Polish MP calls on Spain to repay centuries-old loan TheJournal.ie
AS IF SPAIN didn’t have enough debt problems, a Polish lawmaker is now claiming a debt of 235 million zloty (57.4 million euros) dating back to the 16th century.
In question, a loan of 430,000 gold ducat taken by King Philip II of Spain (1527-98) from the Italian queen of Polish origin Bona Sforza (1494-1557) to finance the war between Spain and the France for control of the kingdom of Naples, most of which was never reimbursed.
Marek Poznanski, a 28-year-old MP from the renegade left-wing Palikot movement, has launched a reimbursement request which the Polish Foreign Ministry is currently reviewing.
“I am well aware that my request may sound strange, but I would like it to really make politicians think about the consequences of lending money to other countries,” Poznanski said on his Facebook page of his unusual initiative.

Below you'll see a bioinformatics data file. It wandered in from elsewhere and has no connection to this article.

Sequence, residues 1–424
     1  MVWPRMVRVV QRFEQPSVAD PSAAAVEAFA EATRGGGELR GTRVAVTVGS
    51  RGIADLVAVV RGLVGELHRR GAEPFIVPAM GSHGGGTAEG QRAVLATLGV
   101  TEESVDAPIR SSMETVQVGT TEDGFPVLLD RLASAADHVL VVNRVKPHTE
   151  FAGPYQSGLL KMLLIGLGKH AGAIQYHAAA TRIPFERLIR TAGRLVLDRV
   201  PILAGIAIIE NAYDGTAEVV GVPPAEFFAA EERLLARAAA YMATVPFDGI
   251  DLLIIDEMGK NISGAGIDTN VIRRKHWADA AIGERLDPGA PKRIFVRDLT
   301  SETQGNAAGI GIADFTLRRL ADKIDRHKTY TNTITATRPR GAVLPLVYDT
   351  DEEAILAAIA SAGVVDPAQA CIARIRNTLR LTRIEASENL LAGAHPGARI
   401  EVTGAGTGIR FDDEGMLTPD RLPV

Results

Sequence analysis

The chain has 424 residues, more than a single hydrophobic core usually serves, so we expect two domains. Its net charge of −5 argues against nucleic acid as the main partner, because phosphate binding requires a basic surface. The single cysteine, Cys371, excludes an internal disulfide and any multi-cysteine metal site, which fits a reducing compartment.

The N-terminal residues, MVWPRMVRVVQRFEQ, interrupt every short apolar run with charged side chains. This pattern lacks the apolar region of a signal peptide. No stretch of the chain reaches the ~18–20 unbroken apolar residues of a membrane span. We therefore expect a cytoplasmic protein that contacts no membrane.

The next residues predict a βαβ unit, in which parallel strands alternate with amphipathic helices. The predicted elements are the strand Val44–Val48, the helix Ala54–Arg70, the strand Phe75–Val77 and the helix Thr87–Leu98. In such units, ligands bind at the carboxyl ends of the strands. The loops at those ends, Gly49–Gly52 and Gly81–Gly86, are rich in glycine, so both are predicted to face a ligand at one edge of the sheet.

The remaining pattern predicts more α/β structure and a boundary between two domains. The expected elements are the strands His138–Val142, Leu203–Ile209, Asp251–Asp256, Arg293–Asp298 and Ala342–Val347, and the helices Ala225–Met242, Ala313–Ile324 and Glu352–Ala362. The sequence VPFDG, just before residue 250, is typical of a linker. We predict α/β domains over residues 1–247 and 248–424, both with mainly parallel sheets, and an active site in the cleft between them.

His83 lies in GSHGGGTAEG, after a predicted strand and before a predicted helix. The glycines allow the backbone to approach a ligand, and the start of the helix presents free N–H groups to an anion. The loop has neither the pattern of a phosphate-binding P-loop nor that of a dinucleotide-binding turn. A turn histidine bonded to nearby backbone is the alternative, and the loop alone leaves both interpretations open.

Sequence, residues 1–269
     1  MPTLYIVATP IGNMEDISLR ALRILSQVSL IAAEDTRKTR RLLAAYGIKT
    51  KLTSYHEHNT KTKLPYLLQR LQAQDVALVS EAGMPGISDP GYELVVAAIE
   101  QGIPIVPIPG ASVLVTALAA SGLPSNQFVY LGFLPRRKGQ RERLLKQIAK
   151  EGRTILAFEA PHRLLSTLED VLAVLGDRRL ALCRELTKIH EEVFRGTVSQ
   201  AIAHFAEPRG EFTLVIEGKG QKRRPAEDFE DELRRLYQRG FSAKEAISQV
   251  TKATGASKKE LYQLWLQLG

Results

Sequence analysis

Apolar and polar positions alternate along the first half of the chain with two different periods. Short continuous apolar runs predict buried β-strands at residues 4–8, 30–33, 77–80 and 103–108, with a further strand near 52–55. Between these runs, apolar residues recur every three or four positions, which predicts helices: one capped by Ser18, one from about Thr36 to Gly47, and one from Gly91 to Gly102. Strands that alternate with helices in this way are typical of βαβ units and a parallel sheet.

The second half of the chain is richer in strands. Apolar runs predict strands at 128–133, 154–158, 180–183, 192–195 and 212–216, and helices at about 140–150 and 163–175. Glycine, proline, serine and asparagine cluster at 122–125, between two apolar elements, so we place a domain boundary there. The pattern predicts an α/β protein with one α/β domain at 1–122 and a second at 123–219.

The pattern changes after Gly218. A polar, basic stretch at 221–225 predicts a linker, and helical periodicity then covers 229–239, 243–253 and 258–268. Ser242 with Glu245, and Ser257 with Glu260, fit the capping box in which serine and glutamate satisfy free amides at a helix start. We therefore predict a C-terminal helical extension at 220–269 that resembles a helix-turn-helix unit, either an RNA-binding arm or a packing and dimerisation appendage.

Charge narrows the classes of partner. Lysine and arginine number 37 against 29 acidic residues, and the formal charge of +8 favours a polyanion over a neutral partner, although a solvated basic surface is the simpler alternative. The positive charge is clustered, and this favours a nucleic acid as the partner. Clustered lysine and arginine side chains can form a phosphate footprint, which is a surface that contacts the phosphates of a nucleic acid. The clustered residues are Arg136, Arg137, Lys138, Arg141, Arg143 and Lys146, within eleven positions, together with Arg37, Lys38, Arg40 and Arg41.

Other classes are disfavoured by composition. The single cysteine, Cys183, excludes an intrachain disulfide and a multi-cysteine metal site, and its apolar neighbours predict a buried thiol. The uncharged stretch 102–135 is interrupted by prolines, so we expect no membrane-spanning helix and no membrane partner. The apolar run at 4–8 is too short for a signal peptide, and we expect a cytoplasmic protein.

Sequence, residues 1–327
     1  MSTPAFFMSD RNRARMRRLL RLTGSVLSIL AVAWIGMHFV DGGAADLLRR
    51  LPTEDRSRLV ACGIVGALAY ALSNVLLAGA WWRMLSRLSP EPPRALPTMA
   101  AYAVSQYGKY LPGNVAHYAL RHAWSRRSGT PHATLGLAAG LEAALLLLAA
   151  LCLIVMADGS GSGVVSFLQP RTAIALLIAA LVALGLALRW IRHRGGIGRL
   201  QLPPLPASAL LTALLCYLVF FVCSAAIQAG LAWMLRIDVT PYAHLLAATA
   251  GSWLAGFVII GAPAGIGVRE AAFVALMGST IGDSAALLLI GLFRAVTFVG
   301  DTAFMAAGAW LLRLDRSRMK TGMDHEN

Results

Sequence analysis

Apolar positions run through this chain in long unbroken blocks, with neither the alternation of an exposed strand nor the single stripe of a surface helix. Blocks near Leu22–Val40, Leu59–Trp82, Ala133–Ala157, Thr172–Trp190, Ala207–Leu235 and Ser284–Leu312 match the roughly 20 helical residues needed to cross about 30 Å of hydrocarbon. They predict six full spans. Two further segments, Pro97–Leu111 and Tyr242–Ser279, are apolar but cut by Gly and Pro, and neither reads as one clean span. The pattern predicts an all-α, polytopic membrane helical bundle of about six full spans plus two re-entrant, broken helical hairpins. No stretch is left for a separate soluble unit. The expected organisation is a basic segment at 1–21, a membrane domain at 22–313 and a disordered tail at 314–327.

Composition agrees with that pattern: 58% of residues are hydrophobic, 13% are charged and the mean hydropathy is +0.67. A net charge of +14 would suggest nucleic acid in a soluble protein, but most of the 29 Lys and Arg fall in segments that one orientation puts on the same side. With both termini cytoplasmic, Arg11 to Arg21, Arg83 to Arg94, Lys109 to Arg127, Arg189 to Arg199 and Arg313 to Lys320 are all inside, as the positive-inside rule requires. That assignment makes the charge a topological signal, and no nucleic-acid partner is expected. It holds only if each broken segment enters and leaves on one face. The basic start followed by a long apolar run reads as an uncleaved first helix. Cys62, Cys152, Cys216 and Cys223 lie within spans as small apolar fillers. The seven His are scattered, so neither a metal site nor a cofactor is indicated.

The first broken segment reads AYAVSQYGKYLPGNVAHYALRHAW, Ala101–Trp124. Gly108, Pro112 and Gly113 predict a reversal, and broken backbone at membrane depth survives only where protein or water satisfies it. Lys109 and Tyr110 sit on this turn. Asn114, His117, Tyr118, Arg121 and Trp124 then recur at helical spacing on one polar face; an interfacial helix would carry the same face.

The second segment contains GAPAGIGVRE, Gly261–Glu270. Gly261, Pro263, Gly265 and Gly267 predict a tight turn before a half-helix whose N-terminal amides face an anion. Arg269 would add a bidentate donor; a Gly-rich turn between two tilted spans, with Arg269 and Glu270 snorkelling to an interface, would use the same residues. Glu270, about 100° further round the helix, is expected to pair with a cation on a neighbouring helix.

According to him, during the period in question, a ducat of gold weighed 3.5 grams. Using current gold prices, the debt would be worth € 57.4 million, not counting 400 years of interest.
Poland worked for centuries to collect the debt, but by the 18th century it had managed to recover only 10% of the total sum.
Some historians even believe that Queen Bona, who died in exile in Bari, Italy, was poisoned on the orders of King Philip II so that he could make his way not to return the money.
In archaic Polish, the term “Neapolitan sums” was used to describe bad debts.
Legal experts quoted in Polish media are skeptical about the possibility of collecting the old debt due to the considerable time that has passed.
Poznanski notes, however, that Spain recently recovered a treasure trove of 500,000 gold and silver pieces weighing 17 tons.
The treasure discovered on a Spanish Navy ship sunk in 1804 by the American company Odyssey Marine Exploration was returned to Spain after a five-year legal battle in which Odyssey claimed “finders, keepers”.